SEMANTIC LABELING OF ALS POINT CLOUDS FOR TREE SPECIES MAPPING USING THE DEEP NEURAL NETWORK POINTNET++
Keywords: semantic labeling, ALS point clouds, tree species mapping, deep neural network, PointNet++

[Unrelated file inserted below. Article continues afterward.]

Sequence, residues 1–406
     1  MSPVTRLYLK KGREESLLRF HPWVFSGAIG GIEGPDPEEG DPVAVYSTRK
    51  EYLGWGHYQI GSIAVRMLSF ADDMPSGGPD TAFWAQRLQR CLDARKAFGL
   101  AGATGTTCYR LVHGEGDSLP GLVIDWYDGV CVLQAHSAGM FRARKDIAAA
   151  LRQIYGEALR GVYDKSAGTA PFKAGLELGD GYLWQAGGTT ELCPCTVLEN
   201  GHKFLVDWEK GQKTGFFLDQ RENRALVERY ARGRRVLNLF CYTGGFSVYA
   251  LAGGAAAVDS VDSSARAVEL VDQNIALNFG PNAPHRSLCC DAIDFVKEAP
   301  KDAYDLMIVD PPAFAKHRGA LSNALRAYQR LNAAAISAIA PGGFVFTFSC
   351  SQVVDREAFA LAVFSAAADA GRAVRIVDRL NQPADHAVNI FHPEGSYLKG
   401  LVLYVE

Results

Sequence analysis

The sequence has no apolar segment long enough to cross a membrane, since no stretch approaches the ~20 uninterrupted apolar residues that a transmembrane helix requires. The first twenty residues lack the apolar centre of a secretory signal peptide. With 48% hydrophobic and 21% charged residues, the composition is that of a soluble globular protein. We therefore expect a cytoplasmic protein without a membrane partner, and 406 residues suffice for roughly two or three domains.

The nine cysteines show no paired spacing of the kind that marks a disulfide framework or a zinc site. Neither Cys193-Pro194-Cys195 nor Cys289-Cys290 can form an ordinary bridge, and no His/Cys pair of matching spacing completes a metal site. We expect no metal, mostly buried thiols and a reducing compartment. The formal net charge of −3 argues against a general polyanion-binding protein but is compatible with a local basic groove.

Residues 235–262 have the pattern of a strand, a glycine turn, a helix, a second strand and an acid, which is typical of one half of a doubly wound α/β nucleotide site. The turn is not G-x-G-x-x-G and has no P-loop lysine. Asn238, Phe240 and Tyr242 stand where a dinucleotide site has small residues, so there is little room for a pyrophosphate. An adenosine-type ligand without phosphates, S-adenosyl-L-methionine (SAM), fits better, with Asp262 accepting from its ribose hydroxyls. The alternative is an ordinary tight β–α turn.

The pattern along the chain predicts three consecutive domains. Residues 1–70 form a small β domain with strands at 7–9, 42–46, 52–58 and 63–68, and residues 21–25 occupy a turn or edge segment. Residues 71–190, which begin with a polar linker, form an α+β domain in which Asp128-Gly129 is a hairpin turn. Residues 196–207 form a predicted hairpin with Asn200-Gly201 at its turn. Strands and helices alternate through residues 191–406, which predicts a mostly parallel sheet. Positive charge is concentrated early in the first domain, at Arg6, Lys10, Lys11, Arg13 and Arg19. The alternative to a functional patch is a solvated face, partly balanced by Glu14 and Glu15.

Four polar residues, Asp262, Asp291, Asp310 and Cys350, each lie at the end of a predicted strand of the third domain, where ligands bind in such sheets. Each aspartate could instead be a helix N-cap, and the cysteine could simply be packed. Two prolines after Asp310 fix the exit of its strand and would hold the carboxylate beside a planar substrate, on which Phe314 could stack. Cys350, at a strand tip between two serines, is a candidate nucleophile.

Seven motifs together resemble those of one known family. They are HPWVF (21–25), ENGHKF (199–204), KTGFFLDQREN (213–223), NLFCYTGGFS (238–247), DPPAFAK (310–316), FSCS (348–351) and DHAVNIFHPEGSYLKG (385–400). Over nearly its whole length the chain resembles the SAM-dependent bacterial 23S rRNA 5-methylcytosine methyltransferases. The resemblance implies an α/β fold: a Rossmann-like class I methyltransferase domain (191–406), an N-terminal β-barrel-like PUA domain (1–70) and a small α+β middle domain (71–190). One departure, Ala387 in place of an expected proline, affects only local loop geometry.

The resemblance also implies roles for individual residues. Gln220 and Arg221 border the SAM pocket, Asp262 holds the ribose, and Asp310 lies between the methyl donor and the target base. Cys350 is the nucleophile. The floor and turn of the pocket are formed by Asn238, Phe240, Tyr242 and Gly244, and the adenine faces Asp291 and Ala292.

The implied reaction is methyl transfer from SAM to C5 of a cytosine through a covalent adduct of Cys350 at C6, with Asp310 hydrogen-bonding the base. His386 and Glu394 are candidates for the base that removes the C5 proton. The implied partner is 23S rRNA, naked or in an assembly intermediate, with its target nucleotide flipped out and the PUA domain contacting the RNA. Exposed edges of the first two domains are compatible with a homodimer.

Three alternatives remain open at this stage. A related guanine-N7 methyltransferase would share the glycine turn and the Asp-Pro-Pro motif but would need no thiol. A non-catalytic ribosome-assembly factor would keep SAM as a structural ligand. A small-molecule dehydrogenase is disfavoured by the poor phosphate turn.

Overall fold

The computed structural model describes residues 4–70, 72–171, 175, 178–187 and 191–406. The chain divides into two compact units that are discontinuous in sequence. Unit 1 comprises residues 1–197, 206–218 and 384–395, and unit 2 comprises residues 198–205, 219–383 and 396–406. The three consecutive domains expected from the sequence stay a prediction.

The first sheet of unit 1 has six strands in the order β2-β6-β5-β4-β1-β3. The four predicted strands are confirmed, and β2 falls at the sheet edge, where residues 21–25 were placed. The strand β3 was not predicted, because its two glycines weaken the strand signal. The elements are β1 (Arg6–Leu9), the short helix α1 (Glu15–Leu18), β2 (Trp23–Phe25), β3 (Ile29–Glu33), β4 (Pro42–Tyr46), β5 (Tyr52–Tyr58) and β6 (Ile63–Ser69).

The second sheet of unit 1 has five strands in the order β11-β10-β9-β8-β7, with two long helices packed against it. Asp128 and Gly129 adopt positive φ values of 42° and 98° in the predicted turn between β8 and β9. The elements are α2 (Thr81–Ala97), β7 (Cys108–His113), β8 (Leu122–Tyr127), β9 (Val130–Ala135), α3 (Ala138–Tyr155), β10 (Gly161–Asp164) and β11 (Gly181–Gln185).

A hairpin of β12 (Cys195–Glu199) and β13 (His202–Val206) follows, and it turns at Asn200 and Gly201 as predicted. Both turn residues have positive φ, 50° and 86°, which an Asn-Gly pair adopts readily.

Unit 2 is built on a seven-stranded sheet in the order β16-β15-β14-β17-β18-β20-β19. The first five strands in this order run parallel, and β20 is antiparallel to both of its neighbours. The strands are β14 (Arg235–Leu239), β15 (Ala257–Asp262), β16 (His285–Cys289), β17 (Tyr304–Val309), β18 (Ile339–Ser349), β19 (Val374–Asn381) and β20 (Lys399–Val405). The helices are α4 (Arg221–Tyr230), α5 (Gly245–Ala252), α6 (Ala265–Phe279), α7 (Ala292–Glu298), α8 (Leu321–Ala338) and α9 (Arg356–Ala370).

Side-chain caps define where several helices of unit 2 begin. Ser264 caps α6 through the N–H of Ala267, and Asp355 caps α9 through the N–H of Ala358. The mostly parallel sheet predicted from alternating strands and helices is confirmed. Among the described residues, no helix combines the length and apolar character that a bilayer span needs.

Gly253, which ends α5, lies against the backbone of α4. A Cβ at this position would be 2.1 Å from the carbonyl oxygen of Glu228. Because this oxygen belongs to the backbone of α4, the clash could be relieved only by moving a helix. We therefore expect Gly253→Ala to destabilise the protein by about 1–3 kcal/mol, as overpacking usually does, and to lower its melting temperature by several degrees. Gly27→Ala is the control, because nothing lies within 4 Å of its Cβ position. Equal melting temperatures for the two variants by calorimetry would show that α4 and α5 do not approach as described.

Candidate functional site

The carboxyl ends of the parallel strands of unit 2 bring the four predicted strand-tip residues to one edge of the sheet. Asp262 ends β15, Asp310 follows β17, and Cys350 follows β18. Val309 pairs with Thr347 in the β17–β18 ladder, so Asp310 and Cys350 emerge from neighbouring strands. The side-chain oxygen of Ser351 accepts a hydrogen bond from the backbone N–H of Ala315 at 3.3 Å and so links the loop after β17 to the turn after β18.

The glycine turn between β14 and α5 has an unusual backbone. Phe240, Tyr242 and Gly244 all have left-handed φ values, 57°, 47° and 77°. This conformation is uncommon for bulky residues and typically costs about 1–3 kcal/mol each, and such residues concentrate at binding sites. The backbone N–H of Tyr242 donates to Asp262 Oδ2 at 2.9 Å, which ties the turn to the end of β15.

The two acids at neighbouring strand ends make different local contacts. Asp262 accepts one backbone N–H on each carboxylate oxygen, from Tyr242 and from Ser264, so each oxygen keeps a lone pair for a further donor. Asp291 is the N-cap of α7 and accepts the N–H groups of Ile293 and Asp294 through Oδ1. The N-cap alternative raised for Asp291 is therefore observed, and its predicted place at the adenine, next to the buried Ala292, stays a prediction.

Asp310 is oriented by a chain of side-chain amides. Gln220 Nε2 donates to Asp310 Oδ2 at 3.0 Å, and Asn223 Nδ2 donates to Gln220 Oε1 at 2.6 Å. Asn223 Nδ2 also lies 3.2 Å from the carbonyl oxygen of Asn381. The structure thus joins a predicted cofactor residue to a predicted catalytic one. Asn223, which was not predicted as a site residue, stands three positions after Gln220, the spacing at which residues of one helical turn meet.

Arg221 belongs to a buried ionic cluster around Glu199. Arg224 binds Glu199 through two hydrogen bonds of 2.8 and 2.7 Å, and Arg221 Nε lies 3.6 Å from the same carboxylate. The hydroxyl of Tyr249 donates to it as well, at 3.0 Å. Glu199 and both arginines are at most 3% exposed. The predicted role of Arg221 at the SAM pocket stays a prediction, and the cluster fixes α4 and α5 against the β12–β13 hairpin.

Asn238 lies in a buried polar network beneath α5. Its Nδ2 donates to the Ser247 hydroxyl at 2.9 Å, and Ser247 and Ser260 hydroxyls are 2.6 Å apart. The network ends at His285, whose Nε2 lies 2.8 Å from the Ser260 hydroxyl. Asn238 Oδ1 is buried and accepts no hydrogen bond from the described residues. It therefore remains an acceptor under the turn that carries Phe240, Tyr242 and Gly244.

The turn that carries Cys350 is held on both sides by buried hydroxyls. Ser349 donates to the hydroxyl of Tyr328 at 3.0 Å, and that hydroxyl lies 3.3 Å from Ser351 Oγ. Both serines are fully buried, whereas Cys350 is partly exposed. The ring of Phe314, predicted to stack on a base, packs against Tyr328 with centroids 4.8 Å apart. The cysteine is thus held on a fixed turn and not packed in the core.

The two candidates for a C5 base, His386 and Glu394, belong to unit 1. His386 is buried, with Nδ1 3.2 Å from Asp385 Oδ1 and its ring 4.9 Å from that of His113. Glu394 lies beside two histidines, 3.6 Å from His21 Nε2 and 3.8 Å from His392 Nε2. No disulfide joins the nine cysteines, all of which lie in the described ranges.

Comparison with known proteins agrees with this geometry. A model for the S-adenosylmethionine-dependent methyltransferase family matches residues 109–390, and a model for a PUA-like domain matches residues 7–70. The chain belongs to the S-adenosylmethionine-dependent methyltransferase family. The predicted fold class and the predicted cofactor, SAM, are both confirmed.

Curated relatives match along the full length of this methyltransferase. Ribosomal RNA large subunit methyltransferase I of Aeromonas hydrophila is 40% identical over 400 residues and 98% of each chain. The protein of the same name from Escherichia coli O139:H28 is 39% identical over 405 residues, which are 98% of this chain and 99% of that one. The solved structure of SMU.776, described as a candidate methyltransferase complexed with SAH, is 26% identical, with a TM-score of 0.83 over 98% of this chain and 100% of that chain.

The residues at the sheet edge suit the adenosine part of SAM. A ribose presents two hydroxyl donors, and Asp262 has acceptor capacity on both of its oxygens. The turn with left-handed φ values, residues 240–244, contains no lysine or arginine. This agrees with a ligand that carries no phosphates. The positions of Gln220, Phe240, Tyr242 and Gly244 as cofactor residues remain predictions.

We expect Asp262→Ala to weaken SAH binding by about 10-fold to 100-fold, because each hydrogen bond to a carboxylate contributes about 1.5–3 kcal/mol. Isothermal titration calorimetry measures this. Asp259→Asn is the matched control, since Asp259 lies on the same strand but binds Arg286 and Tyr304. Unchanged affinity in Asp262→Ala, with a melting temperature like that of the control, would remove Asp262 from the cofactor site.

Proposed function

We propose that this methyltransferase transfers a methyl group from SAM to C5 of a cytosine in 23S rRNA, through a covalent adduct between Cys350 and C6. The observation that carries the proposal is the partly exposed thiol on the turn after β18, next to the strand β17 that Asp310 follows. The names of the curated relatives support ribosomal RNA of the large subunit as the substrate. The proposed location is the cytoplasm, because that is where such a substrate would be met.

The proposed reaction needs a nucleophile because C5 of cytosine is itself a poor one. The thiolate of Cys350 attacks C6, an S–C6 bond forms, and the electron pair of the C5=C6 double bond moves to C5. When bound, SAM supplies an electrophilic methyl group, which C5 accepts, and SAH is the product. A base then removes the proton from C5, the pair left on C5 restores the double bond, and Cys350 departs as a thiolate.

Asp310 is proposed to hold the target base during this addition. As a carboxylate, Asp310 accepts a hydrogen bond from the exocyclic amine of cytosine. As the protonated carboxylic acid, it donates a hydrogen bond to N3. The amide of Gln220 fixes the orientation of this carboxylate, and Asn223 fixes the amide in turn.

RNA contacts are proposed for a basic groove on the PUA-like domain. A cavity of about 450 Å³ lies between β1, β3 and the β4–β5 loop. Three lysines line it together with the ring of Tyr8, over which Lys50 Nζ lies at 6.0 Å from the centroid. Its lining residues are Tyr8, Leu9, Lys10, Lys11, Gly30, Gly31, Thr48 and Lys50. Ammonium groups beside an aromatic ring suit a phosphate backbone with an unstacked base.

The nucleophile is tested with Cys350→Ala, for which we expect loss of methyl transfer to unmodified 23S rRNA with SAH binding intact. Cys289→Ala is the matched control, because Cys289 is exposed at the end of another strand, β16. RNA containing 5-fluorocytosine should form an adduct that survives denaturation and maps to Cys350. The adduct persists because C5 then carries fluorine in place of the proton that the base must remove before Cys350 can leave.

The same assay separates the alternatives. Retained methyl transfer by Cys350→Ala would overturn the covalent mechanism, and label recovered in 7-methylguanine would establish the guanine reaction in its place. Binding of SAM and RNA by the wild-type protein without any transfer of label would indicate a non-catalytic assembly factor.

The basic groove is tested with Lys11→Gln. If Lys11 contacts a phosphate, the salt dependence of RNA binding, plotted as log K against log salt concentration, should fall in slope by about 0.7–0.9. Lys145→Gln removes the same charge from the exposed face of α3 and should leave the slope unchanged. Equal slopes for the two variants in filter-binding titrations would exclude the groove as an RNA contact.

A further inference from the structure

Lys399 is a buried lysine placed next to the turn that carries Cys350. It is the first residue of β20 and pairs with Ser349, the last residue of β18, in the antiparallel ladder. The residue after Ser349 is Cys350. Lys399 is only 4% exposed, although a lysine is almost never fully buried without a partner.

Abstract. Most methods for the mapping of tree species are based on the segmentation of single trees that are subsequently classified using a set of hand-crafted features and an appropriate classifier. The classification accuracy for coniferous and deciduous trees just using airborne laser scanning (ALS) data is only around 90% in case the geometric information of the point cloud is used. As deep neural networks (DNNs) have the ability to adaptively learn features from the underlying data, they have outperformed classic machine learning (ML) approaches on well-known benchmark datasets provided by the robotics, computer vision and remote sensing community. Though, tree species classification using deep learning (DL) procedures has been of minor research interest so far. Some studies have been conducted based on an extensive prior generation of images or voxels from the 3D raw data. Since innovative DNNs directly operate on irregular and unordered 3D point clouds on a large scale, the objective of this study is to exemplarily use PointNet++ for the semantic labeling of ALS point clouds to map deciduous and coniferous trees. The dataset for our experiments consists of ALS data from the Bavarian Forest National Park (366 trees/ha), only including spruces (coniferous) and beeches (deciduous). First, the training data were generated automatically using a classic feature-based Random Forest (RF) approach classifying coniferous trees (precision = 93%, recall = 80%) and deciduous trees (precision = 82%, recall = 92%). Second, PointNet++ was trained and subsequently evaluated using 80 randomly chosen test batches à 400 m2. The achieved per-point classification results after 163 training epochs for coniferous trees (precision = 90%, recall = 79%) and deciduous trees (precision = 81%, recall = 91%) are fairly high considering that only the geometry was included. Nevertheless, the classification results using PointNet++ are slightly lower than those of the baseline method using a RF classifier. Errors in the training data and occurring edge effects limited a better performance. Our first results demonstrate that the architecture of the 3D DNN PointNet++ can successfully be adapted to the semantic labeling of large ALS point clouds to map deciduous and coniferous trees. Future work will focus on the integration of additional features like i.e. the laser intensity, the surface normals and multispectral features into the DNN. Thus, a further improvement of the accuracy of the proposed approach is to be expected. Furthermore, the classification of numerous individual tree species based on pre-segmented single trees should be investigated.